Google is no stranger to EU antitrust investigations.


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Google’s bid to enter the fitness tracker market with its acquisition of Fitbit is reportedly set to hit a major roadblock next week. The EU’s Competition Commission is readying itself to open a full-scale investigation into the purchase, Reuters reported on Thursday, citing people familiar with the matter.

Google announced its $2.1BN acquisition of Fitbit in November 2019, and has been actively trying to avoid such an investigation by the EU. In a bid to secure approval, the company promised last month it wouldn’t use customer health data gleaned from Fitbit for ad targeting.

Google’s Fitbit deal will allow it to compete with its rivals Apple, Samsung, Huawei and Xiaomi in the device space, expanding beyond phones to offer fitness trackers and smart watches. Fitbit previously dominated the wearables marketplace, but it has slowly been overtaken by the Apple Watch and other competitors. By 2020 its position had slipped and it was the number five wearables maker globally, according to IDC, but the company is still seeing decent growth in shipments overall.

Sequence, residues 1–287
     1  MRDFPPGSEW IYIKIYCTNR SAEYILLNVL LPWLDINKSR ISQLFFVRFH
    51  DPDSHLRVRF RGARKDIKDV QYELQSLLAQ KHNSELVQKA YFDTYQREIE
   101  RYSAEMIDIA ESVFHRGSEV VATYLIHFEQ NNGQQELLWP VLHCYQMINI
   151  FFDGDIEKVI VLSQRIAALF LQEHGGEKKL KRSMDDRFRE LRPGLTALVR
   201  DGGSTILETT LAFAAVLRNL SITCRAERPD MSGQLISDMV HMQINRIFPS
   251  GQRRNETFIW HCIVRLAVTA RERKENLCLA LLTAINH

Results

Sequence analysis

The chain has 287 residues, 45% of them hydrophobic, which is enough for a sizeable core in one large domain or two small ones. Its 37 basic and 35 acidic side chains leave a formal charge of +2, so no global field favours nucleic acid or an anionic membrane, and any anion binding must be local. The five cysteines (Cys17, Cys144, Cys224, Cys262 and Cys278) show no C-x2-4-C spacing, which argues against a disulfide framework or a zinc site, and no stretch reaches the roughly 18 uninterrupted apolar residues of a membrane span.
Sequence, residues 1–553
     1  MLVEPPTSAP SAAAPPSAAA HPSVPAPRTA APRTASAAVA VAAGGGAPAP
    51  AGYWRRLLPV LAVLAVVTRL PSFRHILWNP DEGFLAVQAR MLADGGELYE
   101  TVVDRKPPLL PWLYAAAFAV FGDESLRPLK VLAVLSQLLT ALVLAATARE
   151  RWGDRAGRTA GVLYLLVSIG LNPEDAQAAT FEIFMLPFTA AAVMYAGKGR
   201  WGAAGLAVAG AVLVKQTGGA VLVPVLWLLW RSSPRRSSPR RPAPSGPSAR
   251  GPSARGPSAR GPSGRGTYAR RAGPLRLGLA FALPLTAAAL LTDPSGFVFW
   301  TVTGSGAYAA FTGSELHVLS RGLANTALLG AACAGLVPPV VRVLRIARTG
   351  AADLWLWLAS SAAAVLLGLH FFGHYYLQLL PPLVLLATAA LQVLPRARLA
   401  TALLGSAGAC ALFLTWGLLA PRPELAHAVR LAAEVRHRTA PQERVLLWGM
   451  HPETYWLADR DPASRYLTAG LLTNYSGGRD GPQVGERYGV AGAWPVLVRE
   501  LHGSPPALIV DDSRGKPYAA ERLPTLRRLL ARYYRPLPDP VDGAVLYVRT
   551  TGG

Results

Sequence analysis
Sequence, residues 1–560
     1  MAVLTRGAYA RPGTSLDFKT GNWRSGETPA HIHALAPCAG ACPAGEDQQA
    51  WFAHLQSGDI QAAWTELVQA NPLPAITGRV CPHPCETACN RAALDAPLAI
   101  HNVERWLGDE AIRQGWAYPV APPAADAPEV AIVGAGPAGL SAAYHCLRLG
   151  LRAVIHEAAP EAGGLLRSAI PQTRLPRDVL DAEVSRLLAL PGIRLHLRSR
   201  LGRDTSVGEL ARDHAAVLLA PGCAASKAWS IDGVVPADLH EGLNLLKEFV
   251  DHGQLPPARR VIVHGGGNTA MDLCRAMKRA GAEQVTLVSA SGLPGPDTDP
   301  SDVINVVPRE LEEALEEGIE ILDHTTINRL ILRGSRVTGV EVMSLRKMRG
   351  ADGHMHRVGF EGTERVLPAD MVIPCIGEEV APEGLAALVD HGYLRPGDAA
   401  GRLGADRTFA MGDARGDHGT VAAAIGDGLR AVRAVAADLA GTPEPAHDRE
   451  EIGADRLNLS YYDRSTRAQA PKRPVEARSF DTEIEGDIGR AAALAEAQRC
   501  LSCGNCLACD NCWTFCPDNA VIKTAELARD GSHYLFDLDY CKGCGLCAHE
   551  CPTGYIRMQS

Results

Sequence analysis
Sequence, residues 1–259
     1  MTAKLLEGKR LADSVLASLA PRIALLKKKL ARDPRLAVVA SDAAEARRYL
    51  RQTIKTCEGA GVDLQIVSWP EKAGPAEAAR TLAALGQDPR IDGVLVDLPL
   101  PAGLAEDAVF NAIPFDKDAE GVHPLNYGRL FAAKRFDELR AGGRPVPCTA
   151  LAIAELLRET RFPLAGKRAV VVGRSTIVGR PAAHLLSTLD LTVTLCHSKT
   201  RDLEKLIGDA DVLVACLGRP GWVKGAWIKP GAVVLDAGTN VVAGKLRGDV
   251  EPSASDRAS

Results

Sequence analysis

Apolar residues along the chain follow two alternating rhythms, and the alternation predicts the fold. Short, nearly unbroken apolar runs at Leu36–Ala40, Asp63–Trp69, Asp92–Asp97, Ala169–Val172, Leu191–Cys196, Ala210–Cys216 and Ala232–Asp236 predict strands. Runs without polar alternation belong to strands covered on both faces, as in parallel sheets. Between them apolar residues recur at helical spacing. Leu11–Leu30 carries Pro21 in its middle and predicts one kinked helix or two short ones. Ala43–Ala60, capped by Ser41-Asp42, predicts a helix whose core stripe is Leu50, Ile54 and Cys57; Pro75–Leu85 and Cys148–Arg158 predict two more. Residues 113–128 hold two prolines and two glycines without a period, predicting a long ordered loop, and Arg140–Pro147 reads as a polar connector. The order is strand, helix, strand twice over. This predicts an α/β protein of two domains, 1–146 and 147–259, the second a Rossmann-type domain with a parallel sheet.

Google clearly sees potential in the company to add it to its device portfolio, but it’s assurances over data usage don’t seem to have impressed the EU.

The Commission is currently conducting its preliminary review into the matter, due to conclude August 4, after which it will announce an antitrust investigation, said Reuters sources. A spokeswoman for the European Competition Commission declined to comment.

Google is no stranger to dealing EU antitrust investigations. In 2017, 2018 and 2019 it was hit with a trio of fines totaling $9.3BN for breaking EU competition rules. More is at stake here — the company will be hoping the EU doesn’t attempt the acquisition altogether.

Google didn’t immediately respond to request for comment.

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